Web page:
Generations of Fort Mill students and educators lost a friend and mentor last Wednesday when Harold McRae "Mac" McCallum died.
"As his son's friend, I was over at his house a lot growing up," Fort Mill School District Assistant Superintendent Chuck Epps said. "He was just like another father to me."
McCallum, who was 88, had been a resident of Park Point Village in Rock Hill for the past eight years. He and his wife Pheobe touched generations of Fort Mill Students, including Epps. A young Epps watched Neil Armstrong put the first set of human footprints on the moon in McCallum's living room. Later McCallum gave Epps his first teaching job.
"I was late the first day," Epps recalled. "He looked at me and said, 'We can't have this,' and I said 'Yes, sir.' I haven't been late many times since then."
Long before the advent of career clusters at Fort Mill High School, McCallum was teaching courses in agriculture, preparing students to enter the largely agrarian and textile-based economy of the time.
During his career, McCallum was president of the York County Education Association, president of the S.C. Agriculture Teachers Association, president of the S.C. Vocational Teachers Association and a parliamentarian and member of the board of directors of the S.C. Education Association.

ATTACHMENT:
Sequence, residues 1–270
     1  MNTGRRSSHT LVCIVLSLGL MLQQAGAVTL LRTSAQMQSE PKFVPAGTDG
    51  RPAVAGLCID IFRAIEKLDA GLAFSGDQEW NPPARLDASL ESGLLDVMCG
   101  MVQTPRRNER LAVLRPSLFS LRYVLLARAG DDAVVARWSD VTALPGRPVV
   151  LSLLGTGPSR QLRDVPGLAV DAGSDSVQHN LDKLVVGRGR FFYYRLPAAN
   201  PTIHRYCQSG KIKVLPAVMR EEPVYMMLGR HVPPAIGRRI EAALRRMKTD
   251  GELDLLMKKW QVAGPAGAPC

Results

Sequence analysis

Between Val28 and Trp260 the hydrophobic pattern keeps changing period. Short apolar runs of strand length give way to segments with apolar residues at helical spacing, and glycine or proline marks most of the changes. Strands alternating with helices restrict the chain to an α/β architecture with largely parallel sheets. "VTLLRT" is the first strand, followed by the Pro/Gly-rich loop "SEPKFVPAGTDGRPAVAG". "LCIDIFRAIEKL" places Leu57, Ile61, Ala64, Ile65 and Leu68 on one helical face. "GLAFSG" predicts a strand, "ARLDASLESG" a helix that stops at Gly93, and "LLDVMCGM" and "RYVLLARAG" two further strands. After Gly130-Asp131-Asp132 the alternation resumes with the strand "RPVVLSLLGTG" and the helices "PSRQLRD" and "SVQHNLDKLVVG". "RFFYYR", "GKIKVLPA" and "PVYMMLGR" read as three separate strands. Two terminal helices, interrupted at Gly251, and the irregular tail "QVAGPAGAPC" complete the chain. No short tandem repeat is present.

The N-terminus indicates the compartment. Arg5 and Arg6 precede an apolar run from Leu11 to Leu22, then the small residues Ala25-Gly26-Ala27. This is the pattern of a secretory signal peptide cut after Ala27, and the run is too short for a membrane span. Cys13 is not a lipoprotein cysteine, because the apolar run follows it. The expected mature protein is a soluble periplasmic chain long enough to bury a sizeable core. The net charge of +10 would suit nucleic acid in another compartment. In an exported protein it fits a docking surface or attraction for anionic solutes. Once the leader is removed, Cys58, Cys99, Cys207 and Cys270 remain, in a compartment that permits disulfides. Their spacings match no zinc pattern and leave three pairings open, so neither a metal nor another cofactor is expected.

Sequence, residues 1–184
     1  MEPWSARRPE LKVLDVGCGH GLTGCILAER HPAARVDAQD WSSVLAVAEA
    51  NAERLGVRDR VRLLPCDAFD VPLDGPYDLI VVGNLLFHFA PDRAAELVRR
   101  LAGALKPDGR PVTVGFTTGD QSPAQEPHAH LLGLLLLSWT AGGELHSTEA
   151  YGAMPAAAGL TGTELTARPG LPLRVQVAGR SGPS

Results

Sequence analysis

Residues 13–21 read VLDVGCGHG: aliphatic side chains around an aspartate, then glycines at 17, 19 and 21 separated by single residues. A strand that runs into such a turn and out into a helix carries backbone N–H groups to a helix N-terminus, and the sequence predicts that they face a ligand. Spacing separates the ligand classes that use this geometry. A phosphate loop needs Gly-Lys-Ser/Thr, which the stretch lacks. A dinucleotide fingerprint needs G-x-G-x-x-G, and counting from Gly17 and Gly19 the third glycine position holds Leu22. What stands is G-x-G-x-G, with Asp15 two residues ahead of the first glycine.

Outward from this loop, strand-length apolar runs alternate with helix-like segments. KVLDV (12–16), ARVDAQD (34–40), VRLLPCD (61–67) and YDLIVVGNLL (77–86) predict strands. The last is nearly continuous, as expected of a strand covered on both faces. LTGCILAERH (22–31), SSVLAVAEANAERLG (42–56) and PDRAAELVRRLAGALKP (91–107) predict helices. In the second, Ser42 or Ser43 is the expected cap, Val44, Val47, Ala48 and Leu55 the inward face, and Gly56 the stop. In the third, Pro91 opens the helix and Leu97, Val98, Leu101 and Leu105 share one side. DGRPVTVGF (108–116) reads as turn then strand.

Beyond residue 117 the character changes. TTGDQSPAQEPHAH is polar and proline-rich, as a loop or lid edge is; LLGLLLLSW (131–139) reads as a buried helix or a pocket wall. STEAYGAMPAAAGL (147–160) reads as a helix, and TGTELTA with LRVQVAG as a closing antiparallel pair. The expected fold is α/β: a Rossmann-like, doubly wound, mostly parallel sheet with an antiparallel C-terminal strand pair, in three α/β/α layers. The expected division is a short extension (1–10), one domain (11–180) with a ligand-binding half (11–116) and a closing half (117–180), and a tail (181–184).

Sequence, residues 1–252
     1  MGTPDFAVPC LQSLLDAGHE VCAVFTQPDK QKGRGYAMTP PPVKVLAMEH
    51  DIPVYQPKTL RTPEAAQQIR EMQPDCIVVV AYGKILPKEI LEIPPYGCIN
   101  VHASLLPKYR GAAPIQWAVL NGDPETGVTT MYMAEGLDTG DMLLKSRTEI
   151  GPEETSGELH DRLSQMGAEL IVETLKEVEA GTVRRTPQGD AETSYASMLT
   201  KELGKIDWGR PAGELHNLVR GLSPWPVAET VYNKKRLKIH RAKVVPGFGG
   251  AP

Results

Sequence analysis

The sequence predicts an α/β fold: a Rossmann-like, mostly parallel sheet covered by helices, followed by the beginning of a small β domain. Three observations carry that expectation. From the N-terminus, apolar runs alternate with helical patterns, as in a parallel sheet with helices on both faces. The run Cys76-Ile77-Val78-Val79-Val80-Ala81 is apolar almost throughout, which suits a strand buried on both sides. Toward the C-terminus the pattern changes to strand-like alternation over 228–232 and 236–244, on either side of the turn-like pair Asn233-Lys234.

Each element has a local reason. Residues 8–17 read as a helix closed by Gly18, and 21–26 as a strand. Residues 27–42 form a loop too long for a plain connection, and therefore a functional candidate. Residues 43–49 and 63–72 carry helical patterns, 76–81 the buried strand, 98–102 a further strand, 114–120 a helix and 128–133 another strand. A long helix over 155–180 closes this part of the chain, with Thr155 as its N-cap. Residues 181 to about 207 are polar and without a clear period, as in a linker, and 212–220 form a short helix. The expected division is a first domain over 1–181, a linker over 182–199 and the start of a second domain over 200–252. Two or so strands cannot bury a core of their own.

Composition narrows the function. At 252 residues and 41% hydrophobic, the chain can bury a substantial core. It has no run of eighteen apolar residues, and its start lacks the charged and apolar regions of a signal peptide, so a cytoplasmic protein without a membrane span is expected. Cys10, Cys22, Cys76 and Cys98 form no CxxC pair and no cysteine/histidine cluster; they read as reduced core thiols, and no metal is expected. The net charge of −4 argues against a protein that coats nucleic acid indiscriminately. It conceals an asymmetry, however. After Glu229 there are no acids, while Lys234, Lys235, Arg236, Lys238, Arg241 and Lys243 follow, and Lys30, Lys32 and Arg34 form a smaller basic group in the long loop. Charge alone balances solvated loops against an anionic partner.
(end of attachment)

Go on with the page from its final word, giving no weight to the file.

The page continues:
"I think Mac helped a lot of kids that weren't going to college through his agriculture course," Epps said. "He turned a lot of people around and got them going in the right direction."
A native of Camden, McCallum spent 28 years as a teacher and administrator in the Fort Mill School District following a stint in the U.S. Army Air Corps during World War II. He graduated from Berry College in Rome, Ga., in 1940 and received a master's degree from the University of South Carolina in 1952.
At one time, McCallum was one of the most active members of the Fort Mill community, serving as president of the Fort Mill Optimist Club, president of the Rock Hill Toastmasters Club, and secretary of the Fort Mill Chamber of Commerce for 10 years.
He was honored as Fort Mill Teacher of the Year, Fort Mill Man of the Year, Civic Volunteer of the Year, Optimist of the Year, and a Rotary Paul Harris Fellow.
One of McCallum's good friends, Bill Stroup, remembers the early days of the Fort Mill Chamber and United Way, both of which they had a hand in creating.
"Everybody liked him," Stroup said. "There's a lot of people that know a lot about Mac because he was involved in everything."
The Stroups and McCallums got to be good friends over the half century they knew each other, eating out together weekly and even traveling together.
"He was a great person to travel with," Stroup said. "He always had a joke and made people laugh."
McCallum's influence will live on in the lives of those he touched, and through two $500 scholarships awarded to Fort Mill students heading to college in technical fields each year.
"He turned a lot of people around and got them going in the right direction."
former student who became a teacher and administrator